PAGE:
Scrum.org Certifications Data Survey
Scrum.org offers 7 distinct certifications, 3 of which are advanced levels of the remaining 5. Have you ever wondered just how many certifications are handed out, or how popular certain certifications are? Many certifying bodies issue annual statements for the number of certificates issued each year, but Scrum.org does not appear to openly disclose these numbers. However, they do offer a public Certification List, so the data is publicly available for those who want to dig deep enough.
In the spirit of transparency, I've scoured the public lists and put it all together in a usable format. My hope is to support both those who pursue certifications and those employers who look for certifications, by encouraging a better understanding of how people choose to specialize within Scrum. Below, please find the compiled data.
* Please note that with the exception of the final table, data from 2009 and 2017 was excluded, as full-year data is not currently available for those years.
**Data is intended to be used as a guideline, and accuracy may vary with a small margin of error.
I did notice some interesting trends:
- As of March 2017, over 100,000 certifications have been issued, and over 237,000 accounts created. Roughly 95,000 individuals have obtained certification.
- In the last 5 years, interest in most Scrum.org certificates has tripled.
- PSM is about 5.5 times as popular as PSPO, which is 3 times as popular as PSD. PSM certification is 18 times as popular as PSD certification.
- Just 9% of people go for a second certification at all. Of these, only 13% go for an advanced certification.
- As rare as advanced certifications are, more than half of the people with one advanced certification have earned a second one.
I hope you find this information as interesting as I do. I’d love to hear what other trends you spot, or feedback on how we can better use this information!
Thank you for your interest in Scrum.org and for the helpful contributions you have been making on our community forums. The information you put together can be very useful to our community, but we wanted to bring to your attention that it is not entirely accurate.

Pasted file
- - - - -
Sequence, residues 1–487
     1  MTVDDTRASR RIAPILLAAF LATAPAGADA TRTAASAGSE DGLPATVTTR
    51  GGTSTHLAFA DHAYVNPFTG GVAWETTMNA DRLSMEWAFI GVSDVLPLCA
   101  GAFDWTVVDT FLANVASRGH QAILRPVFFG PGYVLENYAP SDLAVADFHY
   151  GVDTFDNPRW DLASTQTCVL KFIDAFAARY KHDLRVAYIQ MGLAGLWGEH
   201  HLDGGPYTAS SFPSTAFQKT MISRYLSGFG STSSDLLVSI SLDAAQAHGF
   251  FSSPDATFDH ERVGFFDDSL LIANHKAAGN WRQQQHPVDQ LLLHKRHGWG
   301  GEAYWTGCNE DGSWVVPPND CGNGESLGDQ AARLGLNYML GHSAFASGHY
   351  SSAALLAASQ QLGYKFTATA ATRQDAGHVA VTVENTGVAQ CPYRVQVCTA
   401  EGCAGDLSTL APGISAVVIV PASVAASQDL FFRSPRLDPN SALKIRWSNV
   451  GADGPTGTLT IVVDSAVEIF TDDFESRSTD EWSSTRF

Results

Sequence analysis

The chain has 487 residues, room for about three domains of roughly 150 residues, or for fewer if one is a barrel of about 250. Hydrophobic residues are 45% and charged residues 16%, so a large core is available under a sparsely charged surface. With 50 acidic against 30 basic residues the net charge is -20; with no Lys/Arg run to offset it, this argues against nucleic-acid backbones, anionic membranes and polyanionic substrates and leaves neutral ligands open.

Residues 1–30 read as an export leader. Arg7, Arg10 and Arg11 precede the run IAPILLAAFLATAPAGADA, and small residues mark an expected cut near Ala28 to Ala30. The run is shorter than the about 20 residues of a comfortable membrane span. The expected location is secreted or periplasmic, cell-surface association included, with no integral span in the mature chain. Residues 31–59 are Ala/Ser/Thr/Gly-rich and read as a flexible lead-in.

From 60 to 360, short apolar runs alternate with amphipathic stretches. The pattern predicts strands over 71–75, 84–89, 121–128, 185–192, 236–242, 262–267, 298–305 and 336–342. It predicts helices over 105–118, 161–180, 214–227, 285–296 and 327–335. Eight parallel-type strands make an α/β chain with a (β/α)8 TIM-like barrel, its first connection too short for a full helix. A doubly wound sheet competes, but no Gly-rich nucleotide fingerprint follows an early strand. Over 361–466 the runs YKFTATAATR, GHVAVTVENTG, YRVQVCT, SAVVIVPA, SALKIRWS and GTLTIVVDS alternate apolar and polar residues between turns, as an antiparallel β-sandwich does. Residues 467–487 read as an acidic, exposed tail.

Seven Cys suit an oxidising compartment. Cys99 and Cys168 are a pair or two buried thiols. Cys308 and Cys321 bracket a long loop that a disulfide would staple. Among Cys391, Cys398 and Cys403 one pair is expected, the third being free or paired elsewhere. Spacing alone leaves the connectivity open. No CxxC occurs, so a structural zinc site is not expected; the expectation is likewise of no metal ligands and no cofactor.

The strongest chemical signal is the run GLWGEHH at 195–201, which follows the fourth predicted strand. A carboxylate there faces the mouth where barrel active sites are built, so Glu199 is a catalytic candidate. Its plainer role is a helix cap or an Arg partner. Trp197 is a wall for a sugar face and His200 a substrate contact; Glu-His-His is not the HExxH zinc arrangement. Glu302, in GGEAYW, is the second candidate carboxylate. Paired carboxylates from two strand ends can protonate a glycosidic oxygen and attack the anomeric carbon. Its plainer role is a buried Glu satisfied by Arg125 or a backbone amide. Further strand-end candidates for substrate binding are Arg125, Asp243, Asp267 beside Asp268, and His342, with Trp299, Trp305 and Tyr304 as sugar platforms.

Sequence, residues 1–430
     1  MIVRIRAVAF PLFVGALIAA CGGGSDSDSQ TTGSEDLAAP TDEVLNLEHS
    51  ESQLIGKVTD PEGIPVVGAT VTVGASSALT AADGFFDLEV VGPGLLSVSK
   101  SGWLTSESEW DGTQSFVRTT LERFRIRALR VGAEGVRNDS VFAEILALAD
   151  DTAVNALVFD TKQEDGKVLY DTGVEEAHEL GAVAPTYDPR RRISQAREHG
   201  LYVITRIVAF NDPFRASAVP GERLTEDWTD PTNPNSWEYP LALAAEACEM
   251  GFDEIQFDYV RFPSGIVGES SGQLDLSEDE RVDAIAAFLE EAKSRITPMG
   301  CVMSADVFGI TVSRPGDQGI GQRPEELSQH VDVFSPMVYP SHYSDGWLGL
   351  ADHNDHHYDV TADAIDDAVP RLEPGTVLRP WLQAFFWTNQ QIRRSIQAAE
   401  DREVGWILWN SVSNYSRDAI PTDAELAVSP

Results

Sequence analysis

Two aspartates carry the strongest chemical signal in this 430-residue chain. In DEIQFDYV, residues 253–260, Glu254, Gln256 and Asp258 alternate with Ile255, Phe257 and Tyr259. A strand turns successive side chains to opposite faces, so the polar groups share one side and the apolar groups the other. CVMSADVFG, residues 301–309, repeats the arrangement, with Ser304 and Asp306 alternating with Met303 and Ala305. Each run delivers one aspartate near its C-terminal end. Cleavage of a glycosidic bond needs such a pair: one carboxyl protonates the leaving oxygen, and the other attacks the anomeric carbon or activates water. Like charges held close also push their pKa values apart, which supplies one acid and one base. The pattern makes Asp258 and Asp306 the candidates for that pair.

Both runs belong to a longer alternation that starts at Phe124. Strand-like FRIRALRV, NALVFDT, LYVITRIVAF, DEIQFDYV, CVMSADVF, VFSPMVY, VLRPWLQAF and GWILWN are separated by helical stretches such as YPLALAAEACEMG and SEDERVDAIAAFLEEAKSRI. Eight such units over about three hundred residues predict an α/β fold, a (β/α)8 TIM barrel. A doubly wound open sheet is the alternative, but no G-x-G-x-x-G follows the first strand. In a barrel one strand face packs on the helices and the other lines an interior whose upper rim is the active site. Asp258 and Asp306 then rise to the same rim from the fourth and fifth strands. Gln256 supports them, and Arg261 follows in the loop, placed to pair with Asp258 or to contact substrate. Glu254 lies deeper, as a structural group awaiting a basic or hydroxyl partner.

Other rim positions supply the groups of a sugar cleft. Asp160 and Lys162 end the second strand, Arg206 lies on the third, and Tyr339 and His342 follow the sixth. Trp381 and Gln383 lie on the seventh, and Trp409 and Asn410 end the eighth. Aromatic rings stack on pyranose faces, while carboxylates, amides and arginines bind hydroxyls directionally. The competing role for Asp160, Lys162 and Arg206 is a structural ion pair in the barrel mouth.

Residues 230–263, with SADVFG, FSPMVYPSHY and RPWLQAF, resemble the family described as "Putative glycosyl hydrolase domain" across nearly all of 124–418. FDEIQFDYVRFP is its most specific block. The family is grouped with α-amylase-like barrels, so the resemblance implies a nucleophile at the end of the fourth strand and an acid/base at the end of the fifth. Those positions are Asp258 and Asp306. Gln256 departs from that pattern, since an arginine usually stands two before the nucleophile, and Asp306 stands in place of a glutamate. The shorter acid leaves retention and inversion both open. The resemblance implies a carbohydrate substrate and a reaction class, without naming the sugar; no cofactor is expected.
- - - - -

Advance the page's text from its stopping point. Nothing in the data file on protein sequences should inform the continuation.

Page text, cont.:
Please be aware that while the PSM I has been available since 2009, the PSPO I was only open to students who took the Scrum.org PSPO course until February 2014. This is why the PSPO program did not see as much growth until recent years. Following Scrum, we took time by having a smaller group attempt the assessment first, learned, adapted and improved before opening it up to the public.
Please also note that what is now known as the PSM II only became available to the public in July 2016 and what was PSM II became PSM III. More information about this change can be found in this blog post
I hope we were able to clarify some of these details. Thank you again for your contributions, and best of luck in your Agile journey.
Thanks for the additional information! You're absolutely correct, the information is not entirely accurate. The data I provided is as accurate as I can make it, but it is not perfect and should not be considered an official record, just an approximation.
There are small nuances such as multiple users who share a name, multiple certifications for the same credential, or even people creating multiple accounts. Then you have things like the PSM I/II/III having data for 2009, where these three exams didn't exist together at that time. All of these things introduce errors, and those errors add up.